I don’t like to stir things up too much around here. Last time I did that, I got my ass kicked in the comments. Truth be told, I’m a people-person and try to see the good in everything and everybody no matter what.
Heck, I’m even listening to Up With People! as I’m typing right now…
I don’t like to trash people or companies in general. But sometimes, every once in a while, someone needs to get their pee-pee smacked.
And in this case, it’s Hershey’s.
Normally I make it a point to eat the best-quality chocolate I can since the good stuff has the same amount of calories as the bad stuff. Because I live in Paris, depending on how you feel about it, I don’t eat much Hershey’s chocolate. But when you have a blog, no matter where you like, you get ‘sales pitches’ from pr folks wanting to send you products to that they hope you’ll mention favorably on your blog. I like to try new American products and since I don’t live where they’re easily found, I let the ones that sound interesting come my way.
But one French company insisted (repeatedly, against my better judgment) on sending me a food basket of goodies a while back.
When I opened the bottle of artificially-flavored coconut sugar tucked inside, one unfortunate sniff and I dumped it in the trash. (I couldn’t imagine what you’d do with it otherwise.) I later learned that that was a big mistake since my apartment reeked of fake coconut for days and days afterwards. There was also a little bottle of sugary-sweet bright-purple liquid, labeled an ‘aperitif’, whose odor bore an uncanny resemblance to mouse urine. That one I wish I hadn’t bothered to open at all.
Although I thought it might make a clever blog entry at the time, since I’m such a nice person, I decided not to write about it since I’m sure their hearts were in the right place.
Last week a package arrived from Hershey’s, who’s not only been trying to go ‘up market’ with their purchase of ScharffenBerger and Dagoba, but has been introducing ‘high-percentage’ chocolate (up to 67%), with fancy-schmancy labels boasting the names of exotic plantations as well.
I’m not going to get into the health benefits of chocolate here, since you can get that here. Although cocoa beans (not double-chocolate cheesecake, but the cocoa beans themselves) are very high in antioxidants, much of that gets lost during the fermentation. So the points raised concerning ‘healthy chocolate’ is often null. But a few enterprising companies, anxious to use the word ‘healthy’ on their packaging, have been working hard and spending a lot of money developing chocolates which retain their antioxidants so that people will buy them, thinking they’re doing someone good for themselves. (Why can’t people just enjoy chocolate? Does it have to say ‘healthy’ on it?)
One of the chocolates Hershey’s sent to me was labeled ‘Whole Bean Chocolate’. I have no idea what that means. It’s like saying ‘Whole Cabbage Cole Slaw’. Once the cacao beans are shelled and winnowed, of course you’d use the whole bean. So what’s the point of advertising that?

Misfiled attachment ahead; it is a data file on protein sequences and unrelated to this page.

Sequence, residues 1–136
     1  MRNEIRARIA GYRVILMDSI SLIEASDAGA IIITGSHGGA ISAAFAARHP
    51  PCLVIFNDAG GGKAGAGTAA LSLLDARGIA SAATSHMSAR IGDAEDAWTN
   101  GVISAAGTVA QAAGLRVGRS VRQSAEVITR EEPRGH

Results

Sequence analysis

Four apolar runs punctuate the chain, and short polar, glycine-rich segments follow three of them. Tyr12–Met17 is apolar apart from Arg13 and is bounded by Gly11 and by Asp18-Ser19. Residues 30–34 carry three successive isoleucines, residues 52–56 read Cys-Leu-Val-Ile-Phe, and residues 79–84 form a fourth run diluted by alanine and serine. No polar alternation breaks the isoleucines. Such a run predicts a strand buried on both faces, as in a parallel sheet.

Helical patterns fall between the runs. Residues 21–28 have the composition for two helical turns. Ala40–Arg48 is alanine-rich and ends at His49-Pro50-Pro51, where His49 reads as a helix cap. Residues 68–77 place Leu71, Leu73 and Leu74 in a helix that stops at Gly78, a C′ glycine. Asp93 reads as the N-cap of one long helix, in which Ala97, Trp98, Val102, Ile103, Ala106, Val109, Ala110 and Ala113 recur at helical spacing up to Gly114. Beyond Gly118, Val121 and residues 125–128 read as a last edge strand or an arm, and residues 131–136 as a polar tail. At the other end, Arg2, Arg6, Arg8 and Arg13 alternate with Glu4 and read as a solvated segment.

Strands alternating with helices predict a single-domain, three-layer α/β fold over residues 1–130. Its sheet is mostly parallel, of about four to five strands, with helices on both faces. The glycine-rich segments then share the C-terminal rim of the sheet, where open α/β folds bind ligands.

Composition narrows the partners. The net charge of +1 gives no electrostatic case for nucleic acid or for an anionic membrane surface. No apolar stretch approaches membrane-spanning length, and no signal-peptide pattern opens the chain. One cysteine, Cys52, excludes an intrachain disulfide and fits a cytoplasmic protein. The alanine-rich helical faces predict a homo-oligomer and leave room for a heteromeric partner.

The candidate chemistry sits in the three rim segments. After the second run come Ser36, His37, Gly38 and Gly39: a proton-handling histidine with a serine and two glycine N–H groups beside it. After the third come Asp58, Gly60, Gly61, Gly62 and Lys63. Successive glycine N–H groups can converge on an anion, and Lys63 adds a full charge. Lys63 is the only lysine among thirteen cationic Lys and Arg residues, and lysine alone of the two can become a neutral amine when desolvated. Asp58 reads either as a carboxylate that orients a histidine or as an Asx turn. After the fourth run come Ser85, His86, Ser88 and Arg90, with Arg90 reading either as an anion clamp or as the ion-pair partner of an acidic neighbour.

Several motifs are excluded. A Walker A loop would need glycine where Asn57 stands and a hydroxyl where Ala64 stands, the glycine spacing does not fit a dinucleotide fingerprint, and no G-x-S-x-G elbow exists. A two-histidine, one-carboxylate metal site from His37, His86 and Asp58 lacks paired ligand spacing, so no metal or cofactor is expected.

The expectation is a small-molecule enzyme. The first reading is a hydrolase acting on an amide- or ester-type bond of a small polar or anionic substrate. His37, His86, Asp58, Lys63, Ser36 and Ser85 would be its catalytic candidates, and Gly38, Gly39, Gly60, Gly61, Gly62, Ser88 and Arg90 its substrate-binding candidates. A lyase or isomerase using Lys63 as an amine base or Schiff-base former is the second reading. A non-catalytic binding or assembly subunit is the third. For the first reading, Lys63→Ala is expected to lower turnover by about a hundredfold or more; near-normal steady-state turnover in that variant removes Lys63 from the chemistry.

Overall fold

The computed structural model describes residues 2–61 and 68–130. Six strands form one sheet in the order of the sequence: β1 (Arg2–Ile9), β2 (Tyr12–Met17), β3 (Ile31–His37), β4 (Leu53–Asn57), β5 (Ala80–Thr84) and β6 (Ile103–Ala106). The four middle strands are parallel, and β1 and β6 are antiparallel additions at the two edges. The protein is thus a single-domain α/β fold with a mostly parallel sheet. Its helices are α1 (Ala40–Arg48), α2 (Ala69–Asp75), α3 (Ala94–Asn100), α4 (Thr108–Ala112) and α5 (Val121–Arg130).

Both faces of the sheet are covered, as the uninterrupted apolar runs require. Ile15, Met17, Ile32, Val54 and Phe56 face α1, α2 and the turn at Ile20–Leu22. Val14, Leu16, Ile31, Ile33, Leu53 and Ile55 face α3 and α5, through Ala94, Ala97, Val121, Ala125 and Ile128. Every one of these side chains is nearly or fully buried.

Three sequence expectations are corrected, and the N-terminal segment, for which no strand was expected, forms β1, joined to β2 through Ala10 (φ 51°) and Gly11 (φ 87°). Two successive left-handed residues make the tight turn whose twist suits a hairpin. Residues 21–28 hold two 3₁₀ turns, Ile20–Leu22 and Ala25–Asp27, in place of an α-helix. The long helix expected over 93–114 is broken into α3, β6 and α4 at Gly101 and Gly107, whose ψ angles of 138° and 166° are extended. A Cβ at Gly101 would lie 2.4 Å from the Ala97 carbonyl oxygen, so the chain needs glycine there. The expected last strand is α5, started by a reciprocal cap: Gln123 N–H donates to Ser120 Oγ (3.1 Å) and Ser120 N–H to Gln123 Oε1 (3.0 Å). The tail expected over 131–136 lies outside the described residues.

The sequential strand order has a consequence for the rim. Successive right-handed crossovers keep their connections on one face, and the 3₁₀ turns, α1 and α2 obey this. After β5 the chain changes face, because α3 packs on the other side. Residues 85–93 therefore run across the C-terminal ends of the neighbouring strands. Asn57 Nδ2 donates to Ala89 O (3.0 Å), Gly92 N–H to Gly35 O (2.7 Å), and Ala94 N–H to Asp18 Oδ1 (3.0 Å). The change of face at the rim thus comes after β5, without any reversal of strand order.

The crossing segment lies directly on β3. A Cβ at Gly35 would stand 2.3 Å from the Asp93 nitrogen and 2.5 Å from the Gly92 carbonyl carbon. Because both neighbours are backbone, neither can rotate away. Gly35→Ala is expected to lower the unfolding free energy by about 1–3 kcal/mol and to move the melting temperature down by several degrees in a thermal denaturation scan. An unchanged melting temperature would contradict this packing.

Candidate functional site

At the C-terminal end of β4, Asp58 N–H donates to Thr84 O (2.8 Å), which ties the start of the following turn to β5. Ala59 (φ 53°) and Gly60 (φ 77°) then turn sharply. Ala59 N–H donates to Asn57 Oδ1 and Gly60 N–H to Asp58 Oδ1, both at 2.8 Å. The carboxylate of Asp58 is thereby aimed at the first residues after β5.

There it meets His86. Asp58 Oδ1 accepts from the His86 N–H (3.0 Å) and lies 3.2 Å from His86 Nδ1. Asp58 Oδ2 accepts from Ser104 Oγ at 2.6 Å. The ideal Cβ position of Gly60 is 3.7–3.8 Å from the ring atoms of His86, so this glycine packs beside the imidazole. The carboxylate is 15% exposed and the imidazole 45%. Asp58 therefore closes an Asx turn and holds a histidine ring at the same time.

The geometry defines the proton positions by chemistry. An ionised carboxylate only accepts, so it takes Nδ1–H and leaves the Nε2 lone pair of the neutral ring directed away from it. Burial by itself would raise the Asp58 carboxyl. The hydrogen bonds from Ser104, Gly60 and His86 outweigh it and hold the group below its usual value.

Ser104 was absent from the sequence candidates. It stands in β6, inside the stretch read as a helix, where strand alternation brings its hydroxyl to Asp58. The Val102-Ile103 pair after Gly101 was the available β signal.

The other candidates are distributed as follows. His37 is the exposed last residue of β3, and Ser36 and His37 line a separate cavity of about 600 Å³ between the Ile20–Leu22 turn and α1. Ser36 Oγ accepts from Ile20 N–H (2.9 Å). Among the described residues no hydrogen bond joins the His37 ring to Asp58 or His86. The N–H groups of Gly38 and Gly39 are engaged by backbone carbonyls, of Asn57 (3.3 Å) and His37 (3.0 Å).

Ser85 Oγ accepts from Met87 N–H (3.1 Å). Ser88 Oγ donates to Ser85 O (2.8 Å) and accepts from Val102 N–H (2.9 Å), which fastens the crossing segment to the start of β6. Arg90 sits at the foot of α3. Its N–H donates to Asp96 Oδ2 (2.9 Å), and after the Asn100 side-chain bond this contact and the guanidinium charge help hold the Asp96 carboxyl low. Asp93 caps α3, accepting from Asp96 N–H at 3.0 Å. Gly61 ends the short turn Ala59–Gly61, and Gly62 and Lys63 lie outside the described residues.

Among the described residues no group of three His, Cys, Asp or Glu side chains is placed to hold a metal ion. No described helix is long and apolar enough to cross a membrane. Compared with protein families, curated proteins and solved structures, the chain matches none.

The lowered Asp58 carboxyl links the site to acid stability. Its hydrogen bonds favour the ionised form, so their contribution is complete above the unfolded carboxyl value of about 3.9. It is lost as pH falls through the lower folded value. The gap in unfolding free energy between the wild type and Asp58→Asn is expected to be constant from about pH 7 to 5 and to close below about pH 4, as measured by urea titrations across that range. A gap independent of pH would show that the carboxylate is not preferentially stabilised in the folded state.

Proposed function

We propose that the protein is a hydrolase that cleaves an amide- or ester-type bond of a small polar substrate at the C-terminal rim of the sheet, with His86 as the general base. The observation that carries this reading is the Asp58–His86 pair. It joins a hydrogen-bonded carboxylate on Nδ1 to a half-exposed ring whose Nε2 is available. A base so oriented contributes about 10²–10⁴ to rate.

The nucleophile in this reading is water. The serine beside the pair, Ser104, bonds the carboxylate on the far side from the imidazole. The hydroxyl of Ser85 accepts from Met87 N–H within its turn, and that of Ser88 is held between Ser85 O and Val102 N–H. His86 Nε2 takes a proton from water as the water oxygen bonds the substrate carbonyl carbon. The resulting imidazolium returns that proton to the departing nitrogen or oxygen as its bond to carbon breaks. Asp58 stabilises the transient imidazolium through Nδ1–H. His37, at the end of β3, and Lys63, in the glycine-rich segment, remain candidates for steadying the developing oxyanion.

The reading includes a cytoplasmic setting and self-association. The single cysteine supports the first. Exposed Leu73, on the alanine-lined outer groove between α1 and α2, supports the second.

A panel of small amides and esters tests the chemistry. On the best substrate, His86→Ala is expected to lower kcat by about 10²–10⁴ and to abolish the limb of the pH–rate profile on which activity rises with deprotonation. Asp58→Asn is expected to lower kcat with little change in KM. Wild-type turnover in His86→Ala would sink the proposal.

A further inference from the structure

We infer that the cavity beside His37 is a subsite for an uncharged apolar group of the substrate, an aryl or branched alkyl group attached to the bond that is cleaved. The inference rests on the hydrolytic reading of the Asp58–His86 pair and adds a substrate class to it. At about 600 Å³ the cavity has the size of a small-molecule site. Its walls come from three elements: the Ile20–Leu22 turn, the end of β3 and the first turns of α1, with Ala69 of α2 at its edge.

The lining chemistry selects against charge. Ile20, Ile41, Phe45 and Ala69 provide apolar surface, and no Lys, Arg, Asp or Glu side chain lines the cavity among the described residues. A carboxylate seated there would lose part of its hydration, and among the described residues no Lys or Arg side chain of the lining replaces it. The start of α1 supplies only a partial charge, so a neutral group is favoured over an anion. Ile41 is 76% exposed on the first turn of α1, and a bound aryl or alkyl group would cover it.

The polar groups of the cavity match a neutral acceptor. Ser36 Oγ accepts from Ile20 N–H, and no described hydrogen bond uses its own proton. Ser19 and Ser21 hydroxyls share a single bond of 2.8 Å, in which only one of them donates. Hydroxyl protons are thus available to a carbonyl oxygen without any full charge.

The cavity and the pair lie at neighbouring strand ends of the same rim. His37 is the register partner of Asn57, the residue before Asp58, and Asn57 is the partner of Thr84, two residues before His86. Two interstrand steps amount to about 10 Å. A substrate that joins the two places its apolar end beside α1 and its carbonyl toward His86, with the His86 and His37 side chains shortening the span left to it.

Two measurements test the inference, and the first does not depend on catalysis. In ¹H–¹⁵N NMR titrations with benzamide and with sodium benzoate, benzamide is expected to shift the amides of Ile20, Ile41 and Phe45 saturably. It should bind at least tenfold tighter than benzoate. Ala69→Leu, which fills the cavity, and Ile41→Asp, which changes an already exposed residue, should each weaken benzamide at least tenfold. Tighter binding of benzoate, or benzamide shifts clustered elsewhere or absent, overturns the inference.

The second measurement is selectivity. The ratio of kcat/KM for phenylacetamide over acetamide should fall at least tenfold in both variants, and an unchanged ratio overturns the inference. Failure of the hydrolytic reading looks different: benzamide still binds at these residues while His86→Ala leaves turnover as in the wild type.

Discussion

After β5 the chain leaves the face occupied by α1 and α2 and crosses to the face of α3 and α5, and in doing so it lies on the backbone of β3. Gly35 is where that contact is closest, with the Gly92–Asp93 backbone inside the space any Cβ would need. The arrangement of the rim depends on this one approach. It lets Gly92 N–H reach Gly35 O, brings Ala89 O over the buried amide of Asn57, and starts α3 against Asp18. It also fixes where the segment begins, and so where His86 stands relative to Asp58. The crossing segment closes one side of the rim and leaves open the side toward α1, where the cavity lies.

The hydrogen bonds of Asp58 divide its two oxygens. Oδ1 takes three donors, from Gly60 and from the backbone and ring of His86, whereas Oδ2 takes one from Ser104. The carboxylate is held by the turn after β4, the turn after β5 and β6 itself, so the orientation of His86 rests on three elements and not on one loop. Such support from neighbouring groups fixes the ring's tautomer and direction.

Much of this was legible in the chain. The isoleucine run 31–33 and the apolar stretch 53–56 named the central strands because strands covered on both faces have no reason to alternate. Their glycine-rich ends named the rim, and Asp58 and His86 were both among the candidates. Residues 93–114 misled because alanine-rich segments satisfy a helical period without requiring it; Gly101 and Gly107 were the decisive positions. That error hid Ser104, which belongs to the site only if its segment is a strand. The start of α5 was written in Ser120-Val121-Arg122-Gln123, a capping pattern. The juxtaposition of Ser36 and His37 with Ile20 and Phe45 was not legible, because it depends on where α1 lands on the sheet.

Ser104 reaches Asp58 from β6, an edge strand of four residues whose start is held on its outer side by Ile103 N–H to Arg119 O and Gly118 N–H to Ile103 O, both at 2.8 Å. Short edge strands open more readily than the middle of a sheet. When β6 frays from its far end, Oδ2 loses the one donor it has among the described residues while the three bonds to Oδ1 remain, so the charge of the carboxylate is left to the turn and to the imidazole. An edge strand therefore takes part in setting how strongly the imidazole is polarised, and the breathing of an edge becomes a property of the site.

Another bag was labeled ‘Natural Flavanol Antioxidant Milk Chocolate’, which boasted “more antioxidants than the leading dark chocolate”. Does anyone know what the “leading dark chocolate” actually is that they’re referring to?
Since I was miffed about being made to feel like a complete idiot, and felt too biased to issue an honest opinion (in spite of my normally-cheery ‘people-person’ persona) I thought I’d get a Frenchman to taste the chocolates and tell me what he thought. He immediately dispatched with the packaging, which he said reminded him of the chocolates you get with your coffee in Parisian cafés. But once he tore open the dark chocolate, he thought it tasted pretty good.
But the milk chocolate was another story.
Europeans, in general, have pretty strong reactions to Hershey’s milk chocolate. It has a certain flavor, which is said to be because the milk used is cultured or fermented. We Americans are used to it. But to others, it’s not-so-tasty. He grimaced and put the tablet back on the table, refusing to finish it. (Which I’ll admit that I did. But I’m not proud of it.)
While I have no objections to companies promoting the health benefits of chocolate, I don’t like being made to feel like a dum-dum.
And ‘whole bean’ chocolate?
What the heck is that supposed to mean? And I don’t think putting ANTIOXIDANTS in bold letters on your packaging is providing much of a service to consumers, in spite of the “everything in moderation and as part of a healthy lifestyle” admonitions written elsewhere. I like the fact Hershey’s claims to have reduced the sugar in these chocolates and the dark chocolate makes a nice snack, even if you’re French. But if you’re looking to get healthy, I’m not so sure eating a chocolate bar is the way to get there
A better idea might be just to make very good chocolate and any health benefits could be seen as an added bonus.
You can read more about these chocolates from Hershey’s here.
Or just stop by my place.
I still have a few bags leftover.